A Vegetarian's Nutritional Guide During Pregnancy
Welcome to a new stage of your life, mothers-to-be! Worried whether your vegetarian diet will give your baby proper nutrition? Well, fret not. For, there are plenty of nutritional options for green-loving, future supermoms.
Pack In The Protein
Most vegetarian mommies-to-be are concerned about inadequate protein intake. In the first trimester of pregnancy, the Recommended Dietary Intake (RDI) for Protein for pregnant women is 46 g per day (0.75 g/kg/day). In the second and third trimesters, it is 60 g per day (1.00 g/kg/day).
There is a slight variation in the guidelines by World Health Organization (WHO) for pregnant mothers. It recommends 597 g (range 497g to 696g) Protein gain for an average weight gain of 12kg (range 12-14kg) for a pregnant woman.1 Adding pulses and legumes in your daily diet can increase your protein intake. A combination of cereals, millets and pulses, provides most of the amino acids, which complement each other to provide better quality proteins, suggest the ICMR guidelines.2
Other Essential Nutrients
So, what other important nutrients do you and your baby need during pregnancy? The ICMR guidelines recommend folate rich foods for pregnancy. You also need iron, calcium, and iodine. Vitamins A, B12, and C are necessary too, along with essential fatty acids. These help your baby’s growth and improve your health as well.3
Add fresh fruits, vegetables, nuts and legumes to your daily diet. These supply you with vitamins and minerals that are essential for your growing baby. Dairy products are rich sources of Calcium and Vitamin D. Fruit-based desserts also pack in Calcium and Vitamin C. Additionally, try to consuming foods that contain Zinc (kidney beans, flax seeds), Iron (cereals, breads, pastas, peas), Folic Acid (avocado, okra, broccoli), Phosphorus (nuts, beans, dairy products) and Magnesium (yogurt, chocolates, dried fruits).
Make sure you get enough of Choline and DHA, an omega-3 fatty acid. These contribute to the development of the baby’s brain. For Vegetarians, Mother’s Horlicks is a great source of DHA which helps support baby’s brain development. A body dependent on a strictly vegetarian diet converts alpha-linolenic acid (ALA) to DHA, which is naturally found in Flaxseeds and perilla seeds (bhanjira). Meanwhile, spices like mustard and fenugreek are good sources too. Include vegetables, fruits, pulses, wheat and pearl millet. These are good sources of ALA.4 For vegetarians, whole grains, vegetables and fruits, and milk can provide Choline.5 These make for excellent supplementation to the diet.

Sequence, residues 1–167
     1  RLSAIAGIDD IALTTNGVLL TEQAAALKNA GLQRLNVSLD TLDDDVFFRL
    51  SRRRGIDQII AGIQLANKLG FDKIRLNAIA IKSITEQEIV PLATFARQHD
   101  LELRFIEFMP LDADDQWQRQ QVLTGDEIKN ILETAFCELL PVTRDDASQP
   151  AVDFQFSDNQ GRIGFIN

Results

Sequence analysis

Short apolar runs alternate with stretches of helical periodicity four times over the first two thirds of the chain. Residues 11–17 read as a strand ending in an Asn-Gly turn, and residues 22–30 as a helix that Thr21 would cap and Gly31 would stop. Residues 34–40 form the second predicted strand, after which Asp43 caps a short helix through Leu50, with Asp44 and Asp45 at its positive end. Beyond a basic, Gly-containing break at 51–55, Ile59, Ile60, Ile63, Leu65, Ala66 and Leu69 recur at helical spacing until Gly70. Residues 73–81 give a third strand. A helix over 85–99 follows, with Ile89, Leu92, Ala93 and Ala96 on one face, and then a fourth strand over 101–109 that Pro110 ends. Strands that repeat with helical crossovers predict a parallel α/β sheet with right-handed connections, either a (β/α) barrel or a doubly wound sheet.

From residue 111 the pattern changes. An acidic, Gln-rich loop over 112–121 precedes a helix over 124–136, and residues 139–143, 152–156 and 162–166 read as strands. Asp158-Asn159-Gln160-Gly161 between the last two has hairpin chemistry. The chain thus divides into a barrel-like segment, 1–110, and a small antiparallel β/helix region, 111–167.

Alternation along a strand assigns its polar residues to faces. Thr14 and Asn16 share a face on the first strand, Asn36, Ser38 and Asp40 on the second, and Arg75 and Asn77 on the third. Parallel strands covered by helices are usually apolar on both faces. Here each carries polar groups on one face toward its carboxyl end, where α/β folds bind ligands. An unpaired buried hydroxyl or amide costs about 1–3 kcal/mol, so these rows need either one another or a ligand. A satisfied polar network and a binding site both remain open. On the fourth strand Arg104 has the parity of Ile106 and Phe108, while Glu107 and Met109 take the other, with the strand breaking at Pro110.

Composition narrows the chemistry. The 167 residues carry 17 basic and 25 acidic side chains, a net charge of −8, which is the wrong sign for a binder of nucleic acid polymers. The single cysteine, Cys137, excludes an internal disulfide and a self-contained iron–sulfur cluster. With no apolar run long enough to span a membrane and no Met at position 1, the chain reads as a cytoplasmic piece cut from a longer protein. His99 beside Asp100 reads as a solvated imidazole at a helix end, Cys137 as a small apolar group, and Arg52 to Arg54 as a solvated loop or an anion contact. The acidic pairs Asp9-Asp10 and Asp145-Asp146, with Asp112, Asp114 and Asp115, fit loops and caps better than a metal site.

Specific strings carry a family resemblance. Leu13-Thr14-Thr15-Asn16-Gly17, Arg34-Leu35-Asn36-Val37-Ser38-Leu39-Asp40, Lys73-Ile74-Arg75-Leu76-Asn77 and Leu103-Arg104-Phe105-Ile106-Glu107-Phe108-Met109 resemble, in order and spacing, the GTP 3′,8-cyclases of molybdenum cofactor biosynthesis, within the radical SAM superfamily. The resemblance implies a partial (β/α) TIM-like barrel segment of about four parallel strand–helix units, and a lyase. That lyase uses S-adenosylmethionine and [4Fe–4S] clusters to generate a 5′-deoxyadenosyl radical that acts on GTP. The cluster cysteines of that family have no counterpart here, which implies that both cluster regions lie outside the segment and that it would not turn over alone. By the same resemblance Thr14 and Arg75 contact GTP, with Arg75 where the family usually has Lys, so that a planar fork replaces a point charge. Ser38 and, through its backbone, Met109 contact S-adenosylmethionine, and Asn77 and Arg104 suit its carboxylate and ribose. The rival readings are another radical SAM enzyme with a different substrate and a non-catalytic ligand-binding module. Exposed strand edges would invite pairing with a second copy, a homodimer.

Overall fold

Why A Diet Chart Is Important?
According to the UNICEF, 50 per cent of growth failure in Indian babies occurs in the womb. This is due to the poor nutrition in the mother’s diet during pregnancy.7 So every Indian mother-to-be must be careful about her daily diet being healthy and packed with nutrition.
Be mindful of what you eat every day. Remember, you have plenty of choices and your meals do not have to be the same every day. If you want a change from rice and rotis, try a brown rice pulao, or a quinoa salad, or even oats khichdi. You need not depend on spinach alone for your daily dose of leafy greens. Try cabbage, colocasia leaves, mustard greens, and fenugreek leaves as well.8 Non-dairy milk, like almond milk, is a great option too. Also, make sure that you ask your doctor about the dietary supplements available in the market and whether you need any.
As long as you meet your daily requirement of nutrients, your diet will remain adequate, and you can be sure that you and your baby will remain healthy as well.
Benefits Of Being Vegetarian
A vegetarian diet during pregnancy, is also a source of important roughage and it enables good digestion. Moreover, adding greens helps you avoid several health risks such as obesity, constipation, hypertension, type 2 diabetes, and heart diseases.
So, remember, being vegetarian is a boon during pregnancy; the trick is to eat right. Ensure your daily diet in pregnancy includes foods that give you and your baby the right nutrients. All the best!
The author is Neha Chandna, who is a practicing dietitian since the last 8 years. The views, opinions and recommendations expressed in this article are solely those of the author and intended as an educational aid. Please consult your doctor for professional advice concerning specific health/medical matters.